Area Forecast Discussion
Issued by NWS North Platte, NE

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FXUS63 KLBF 292036 CCA
AFDLBF

Area Forecast Discussion
National Weather Service North Platte NE
324 PM CDT MON AUG 29 2016
...CORRECTION...

.SHORT TERM...(This evening through Tuesday)
Issued at 324 PM CDT Mon Aug 29 2016

Tonight and tomorrow.  The primary focus in the short term forecast
will be a heavy rainfall threat with a secondary focus centered on
the fog potential Tuesday morning.

The latest water vapor image reveals a mature cyclone over southern
Colorado with it`s baroclinic leaf rotating north into southwest
Nebraska/central Sandhills.  At the surface, an inverted trough
bisects southwest Nebraska northeast into the Sandhills. Convection
has been ongoing across Kansas for much of the day, with the
activity moving northward as well.

Near term guidance continues to indicate the potential of weak multi-
cell convection this afternoon and evening across much of the cwa.
Bufkit analysis from the central Sandhills and points southeast
reveal an increase in PWATS from the actual 12z KLBF sounding this
morning. The atmosphere is moderately unstable...but the
contribution of CAPE is spread thin through a large portion of the
troposphere.  Warm cloud depths are not overly impressive, but given
storm motions of 10kts or less, appreciable rainfall is possible
where convection develops.  Current thinking is that the trough will
serve as a focus for storm development until diurnal heating
subsides, with a secondary focus on the storms to the south and
southeast of the cwa as they rotate north.  Just as an FYI, 3hr
flash flood guidance across the cwa is generally 2-3" for non-
sandhills locations across the cwa. Over the Sandhills, the FFG is
as much as 5 or 6 inches. So at this point, flash flooding is not a
concern.

For Tuesday, the focus for storms lies just south and southeast of
the cwa along a warm front.  However at this point we cannot rule
out storms across our southeast, especially over Frontier County. If
storms are realized, heavy QPF is possible.

The fog potential is somewhat uncertain at this point.  The latest
guidance indicates the potential of at least patchy wording for
southeastern portions of the cwa with a source of low level moisture
and expected light winds overnight.  The latest SREF favors mvfr
stratus rather than fog, so will go with patchy wording for now.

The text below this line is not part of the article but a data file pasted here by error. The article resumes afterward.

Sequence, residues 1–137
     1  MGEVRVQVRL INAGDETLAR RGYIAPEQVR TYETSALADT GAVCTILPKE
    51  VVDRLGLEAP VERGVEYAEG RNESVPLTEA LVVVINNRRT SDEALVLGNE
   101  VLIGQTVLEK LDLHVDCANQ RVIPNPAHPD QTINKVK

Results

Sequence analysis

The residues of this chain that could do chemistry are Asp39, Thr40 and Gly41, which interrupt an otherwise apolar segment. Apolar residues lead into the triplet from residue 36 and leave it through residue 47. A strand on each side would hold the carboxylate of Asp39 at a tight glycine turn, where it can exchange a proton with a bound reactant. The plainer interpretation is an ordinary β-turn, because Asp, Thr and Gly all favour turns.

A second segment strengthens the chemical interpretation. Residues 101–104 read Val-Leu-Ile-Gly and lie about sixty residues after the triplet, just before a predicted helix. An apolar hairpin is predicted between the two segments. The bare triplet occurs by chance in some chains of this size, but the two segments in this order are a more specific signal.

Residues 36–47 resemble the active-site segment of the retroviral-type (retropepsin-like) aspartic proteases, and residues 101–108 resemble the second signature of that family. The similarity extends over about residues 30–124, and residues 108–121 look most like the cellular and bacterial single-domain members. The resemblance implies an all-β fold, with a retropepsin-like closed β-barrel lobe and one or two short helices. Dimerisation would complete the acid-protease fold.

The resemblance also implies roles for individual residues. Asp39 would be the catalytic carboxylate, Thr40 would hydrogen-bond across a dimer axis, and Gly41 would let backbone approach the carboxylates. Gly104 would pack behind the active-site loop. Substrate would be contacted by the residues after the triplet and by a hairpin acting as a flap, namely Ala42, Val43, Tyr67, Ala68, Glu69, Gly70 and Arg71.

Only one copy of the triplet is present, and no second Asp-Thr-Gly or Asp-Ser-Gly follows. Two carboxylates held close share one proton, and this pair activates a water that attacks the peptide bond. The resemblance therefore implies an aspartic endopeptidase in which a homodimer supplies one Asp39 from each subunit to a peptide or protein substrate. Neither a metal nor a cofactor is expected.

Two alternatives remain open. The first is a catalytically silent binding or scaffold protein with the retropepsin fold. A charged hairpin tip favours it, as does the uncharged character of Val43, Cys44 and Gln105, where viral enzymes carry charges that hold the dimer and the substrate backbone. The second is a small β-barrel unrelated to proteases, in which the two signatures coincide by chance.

Otherwise high temperatures will largely be held in check by the
expected cloud cover.  Although, a few mid-80s are possible across
our northern zones on Tuesday.

.LONG TERM...(Tuesday night through Monday)
Issued at 324 PM CDT Mon Aug 29 2016

Tuesday night through Thursday...a subtropical disturbance has moved
into Srn Colorado this afternoon and the models continue to shear it
out across the Cntl Plains Tuesday. The disturbance appears to exit
Wednesday morning with just isolated showers and thunderstorms
across Srn Neb. Canadian high pressure will build south thorugh the
Upper midwest Wednesday with low pressure forming on the Nrn High
plains. The low pressure will remain across the High plains Thursday
and draw the cooler air west through Nebraska. The net result is
highs in the low to mid 80s and less humidity than earlier forecast.

The model consensus suggests dew points in the lower 60s during the
day which fall into the 50s at night. This supports lows in the 50s
Wednesday and Thursday morning. The NAM12...GFS20 and ECM are giving
the signal for stratus Thursday morning. Low pressure on the high
plains will draw moisture north through Wrn Neb. The NAM and ARW/NMM
models suggest patchy fog both mornings. The feeling is the fog
would probably be patchy since rain is not expected to become
widespread so the forecast will omit this feature for now.

Thursday night through Monday...a decent long wave trof moves
through the Wrn U.S. Thursday and Friday. The trof moves into the
Cntl Plains Saturday presenting the best opportunity for
thunderstorms Saturday night and Sunday. Winds aloft increase and
lapse rates steepen suggesting strong thunderstorm development with
some potential for severe weather. Conditions support storm
development Friday evening across the Panhandle.

The warmest days are Friday through Sunday with highs in the mid 80s
most areas. Deterministic and bias corrected data suggest dew points
in the 60s ahead of the trof and the GFS advertises precipitable
water of around 1.50 inches. MLCAPE in the GFS is 1500-2500 J/KG
which would support at least a marginal severe weather potential.

Cooler and less humid weather develops Monday with highs in the 70s.
Pacific high pressure will be in place.

&&

.AVIATION...(For the 18Z TAFS through 18Z Tuesday afternoon)
Issued at 1222 PM CDT Mon Aug 29 2016

A disturbance moving northeast across the central plains will
spark off additional showers and thunderstorms across southwest
Nebraska this afternoon/evening. None of the storms are expected
to be severe, but the available guidance suggests some heavy rain
potential, leading to reduced visibility. The guidance holds the
majority of the rain south and east of the klbf, but close enough
to the terminal for at least a 30% mention in the forecast.
Otherwise there`s a fog signal setting up late tonight and early
tomorrow. At this point, mvfr ceiling and visibility looks
possible at klbf and other southwest Nebraska terminals.


&&

.LBF Watches/Warnings/Advisories...
None.
&&

$$

SHORT TERM...Jacobs
LONG TERM...CDC
AVIATION...Jacobs



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